What To Do When Your Intended Job Isn’t Available
The most crushing thing about failing to get your dream job, after a spell trawling the healthcare jobs boards, sending applications, and attending interviews, is that, for most candidates in healthcare, the job will likely be one that has been aimed at for a very long time. Becoming a physician, for example, involves several years of med school followed by a practical placement and finally acceptance in a role. Specialization occurs fairly early on in this process, and you thereafter work towards it. This means all the way through your education and training to become a physician, you are likely working with a single role in mind. To get to the end and find it is not available can be a real blow.
Health Jobs, an online healthcare jobs recruitment service offering physician jobs among others, say that while the current Jobseekers market puts candidates in a pretty strong position to get an available vacancy, it doesn’t necessarily mean that the vacancy each candidate wants is necessarily available. Moreover, even if it is available, it could be precluded on account of the distance needed to travel, the pay, relocation, or the cost of living wherever that job is situated. Sometimes, the dream job just isn’t there.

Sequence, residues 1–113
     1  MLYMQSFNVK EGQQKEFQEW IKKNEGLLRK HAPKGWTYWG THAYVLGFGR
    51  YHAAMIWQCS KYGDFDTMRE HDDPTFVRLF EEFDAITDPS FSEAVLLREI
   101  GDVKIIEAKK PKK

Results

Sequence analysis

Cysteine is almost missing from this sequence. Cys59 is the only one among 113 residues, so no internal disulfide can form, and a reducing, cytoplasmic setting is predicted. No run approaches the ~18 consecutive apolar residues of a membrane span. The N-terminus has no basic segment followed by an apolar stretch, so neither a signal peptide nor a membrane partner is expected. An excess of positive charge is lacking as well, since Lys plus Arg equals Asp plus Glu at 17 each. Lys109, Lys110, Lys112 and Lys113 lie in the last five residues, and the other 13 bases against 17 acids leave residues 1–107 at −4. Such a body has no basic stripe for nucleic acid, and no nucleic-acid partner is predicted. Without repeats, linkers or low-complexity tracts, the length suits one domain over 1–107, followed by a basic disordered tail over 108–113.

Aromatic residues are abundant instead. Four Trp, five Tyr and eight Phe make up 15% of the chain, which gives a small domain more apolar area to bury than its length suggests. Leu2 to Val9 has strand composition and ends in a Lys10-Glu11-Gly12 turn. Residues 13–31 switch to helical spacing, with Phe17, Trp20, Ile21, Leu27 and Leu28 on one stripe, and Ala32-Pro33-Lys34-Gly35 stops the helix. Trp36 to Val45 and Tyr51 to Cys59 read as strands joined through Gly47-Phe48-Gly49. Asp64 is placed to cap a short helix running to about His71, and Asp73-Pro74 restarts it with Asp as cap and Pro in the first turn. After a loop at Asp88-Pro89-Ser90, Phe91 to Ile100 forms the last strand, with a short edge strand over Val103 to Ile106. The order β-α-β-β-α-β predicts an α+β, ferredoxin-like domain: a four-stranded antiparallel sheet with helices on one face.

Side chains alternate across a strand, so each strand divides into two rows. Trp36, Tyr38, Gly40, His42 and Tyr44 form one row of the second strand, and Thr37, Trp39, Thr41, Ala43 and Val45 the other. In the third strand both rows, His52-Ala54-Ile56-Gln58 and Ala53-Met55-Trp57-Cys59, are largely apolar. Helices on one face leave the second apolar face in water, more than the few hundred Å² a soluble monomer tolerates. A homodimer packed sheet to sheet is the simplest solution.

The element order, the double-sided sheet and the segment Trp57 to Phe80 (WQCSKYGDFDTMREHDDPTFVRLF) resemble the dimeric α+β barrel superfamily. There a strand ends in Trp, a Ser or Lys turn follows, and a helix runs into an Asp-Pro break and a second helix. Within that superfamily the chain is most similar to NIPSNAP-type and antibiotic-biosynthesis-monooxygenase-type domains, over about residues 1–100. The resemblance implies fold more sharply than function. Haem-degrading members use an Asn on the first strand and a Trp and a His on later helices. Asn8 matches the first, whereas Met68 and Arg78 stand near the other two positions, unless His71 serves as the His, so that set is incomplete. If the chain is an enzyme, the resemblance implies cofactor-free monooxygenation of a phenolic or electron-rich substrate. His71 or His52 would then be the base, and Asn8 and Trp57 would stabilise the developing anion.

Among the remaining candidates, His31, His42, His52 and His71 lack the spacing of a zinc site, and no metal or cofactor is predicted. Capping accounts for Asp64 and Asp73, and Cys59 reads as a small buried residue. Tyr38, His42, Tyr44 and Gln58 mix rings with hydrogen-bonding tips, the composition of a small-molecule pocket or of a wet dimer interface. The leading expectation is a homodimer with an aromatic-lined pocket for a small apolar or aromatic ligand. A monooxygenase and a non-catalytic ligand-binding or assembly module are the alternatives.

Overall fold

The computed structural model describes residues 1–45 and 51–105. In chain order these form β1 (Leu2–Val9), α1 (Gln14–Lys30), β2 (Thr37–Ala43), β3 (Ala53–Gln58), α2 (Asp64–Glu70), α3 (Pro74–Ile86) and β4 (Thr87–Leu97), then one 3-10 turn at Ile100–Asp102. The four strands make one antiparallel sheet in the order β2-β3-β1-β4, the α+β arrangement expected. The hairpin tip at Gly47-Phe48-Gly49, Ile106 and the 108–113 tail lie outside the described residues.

So, what should you do if you find yourself in this position? The first thing to remember is that it might be available one day – or perhaps even soon – so biding your time can be an option. Beyond that though, there are still plenty of strategies to turn to.
Change Your Focus
And this does not necessarily mean another job or role. This focus shift can involve more careful and long-term planning. Given how demanding healthcare jobs are and how long you will spend doing them, it’s always worth considering the lay of the land in five or even ten years’ time. With this zoomed-out perspective, you might be able to determine other roles you suddenly notice are stepping stones to where you want to go.
Take one of these positions for now, and you will not just be killing time until your dream job appears, but you will also be building up vital experience and training. By the time your dream job does come around, you might well be in a much stronger position to get it than you would have been fresh out of med school.
Consider If It Was Really for You
This might sound like an exercise in loser’s consolation – and to an extent it is. Nevertheless, it is also worth considering the quite common phenomenon of healthcare workers becoming dissatisfied with a job after they have worked in it for some time. There’s no doubt that job dissatisfaction is a major problem in U.S. healthcare today, and what do you really know about a job after a chat, a tour, and a weekend on placement? The daily grind is sure to be plenty different from that.
And we mean geographically elsewhere. The same job – or a very close equivalent – might well be available in a location you had previously ruled out. Just as you don’t know much about a job until you work it, you don’t know much about a place until you go there and stay there for a spell. So, you might take an equivalent to your dream job in a place where you didn’t initially want to go, and you might be very pleasantly surprised when you go there.
Just remember this above all – you should never be so sure that your dream job is definitely your dream job, or that there aren’t highly satisfactory alternatives available.